The STEM magnet program at Wheeler High School was the first in Georgia to receive STEM accreditation in 2012, as well as STEAM certification in 2017. They were also honored for their outreach in assisting other schools in developing STEM programs. Medical biotechnology, engineering/robotics, chemical engineering, and advanced chemistry are among the subjects covered by the STEM Center’s accelerated and advanced program. Senior research and internships with local business and institution partners round out the program. Students can enroll in twice as many math and science classes as they would in a standard curriculum. Honors Multivariable Calculus, Advanced Physics Robotics, Advanced DNA/Genetics Research, Essentials of Healthcare, and Architectural Drawing and Design are just a few examples of courses. 

 

Regis High School is a public high school located in Regis

Regis High School takes pride in offering intensive, accelerated classes that allow students to self-direct their education through independent study, unscheduled time, and individualized instruction. They’re also upgrading education by requiring Computer Technology I and II for freshmen and sophomores. Seniors who want to improve their computer programming or dynamic website design skills can take elective courses. Regis sophomores who are proficient and interested in science might begin a science research project that will go through their senior year. It’s a lab-based course that requires students to collaborate with instructors and mentors outside of Regis. Although Regis does not offer AP classes, all of its courses are honors level, and many students register for and take AP exams. Discrete Mathematics, Advanced Physics, Java Programming, Anatomy & Physiology, and other elective STEM courses vary every year. 

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Craft Academy for Science and Mathematics Excellence 

Craft Academy is a residential dual-credit secondary school for academically gifted Kentucky students. The Craft Academy’s academic rigor pushes students to achieve their full potential through project-based STEM+X courses and hands-on learning opportunities that emphasize innovation, design, and creativity, as well as civic and regional engagement. Craft Academy also hosts a GEMS (Girls in Engineering, Math, and Science) event at Morehead State University every year. GEMS is a one-day event that features workshops led by local STEM women. Craft’s STEM+X curriculum pushes students to investigate how STEM knowledge is influenced and impacted by technology, business and industry, entrepreneurship, innovation and design, and the medical area. 

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Phillips Exeter Academy is a private school in Exeter, Devon. 

Phillips Exeter uses the Harkness collaborative learning paradigm, which stresses hands-on learning and teaches students that failure is OK and that they may bounce back fast. The school aims to foster a maker culture,which encourages pupils to explore new topics and projects that they are interested in. Exeter also provides students with a variety of multidisciplinary courses, groups, and events to help them prepare for a lifetime of innovation. The school, for example, held a 48-hour Maker Fest to inspire students to employ design thinking ideas to develop real-world goods. Algorithms and Public Policy, Bioethics, Data-Driven & Interactive Web Development, Advanced Ceramics + Chemistry: C-Squared, Foundations of Abstract Mathematics, Multivariable Calculus, Animal Behavior, and Molecular Genetics are just a few of the STEM courses available at Phillips Exeter.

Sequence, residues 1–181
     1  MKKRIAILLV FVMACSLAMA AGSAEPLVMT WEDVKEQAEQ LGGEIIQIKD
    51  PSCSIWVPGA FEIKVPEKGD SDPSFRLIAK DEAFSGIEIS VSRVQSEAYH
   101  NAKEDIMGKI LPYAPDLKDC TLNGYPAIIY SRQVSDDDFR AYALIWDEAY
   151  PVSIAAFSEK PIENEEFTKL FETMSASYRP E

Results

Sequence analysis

High School Henry M. Gunn 

Gunn High School focuses on providing students with the courses, resources, and faculty they need to thrive academically while also developing holistically. They are committed to each student’s social, emotional, physical, and intellectual growth. In May of this year, 900 students took a total of 2,356 AP exams. 93.2 percent of pupils received a 3 or higher, while 44.2 percent received a 5. STEM alternatives such as robotics, biotechnology, and computer science are among the elective courses available. 

 

DeBakey Health Professions High School 

The DeBakey High School for Health Professions (DHSHP) in Houston was founded in 1972 as a joint venture of the Houston Independent School District (HISD) and Baylor College of Medicine (BCM). It was created to give students more opportunities to pursue careers in medicine, science, and the health professions. During the 2016-2017 academic year, a new $65 million facility was completed. The five-story, state-of-the-art facility will house 1,000 students and provide a direct link to the world-renowned Texas Medical Center’s abundance of educational, clinical, and research facilities. Students attend health science classes throughout their four years, with practicums in dental science, patient care science, global health, biomedical engineering, and other topics.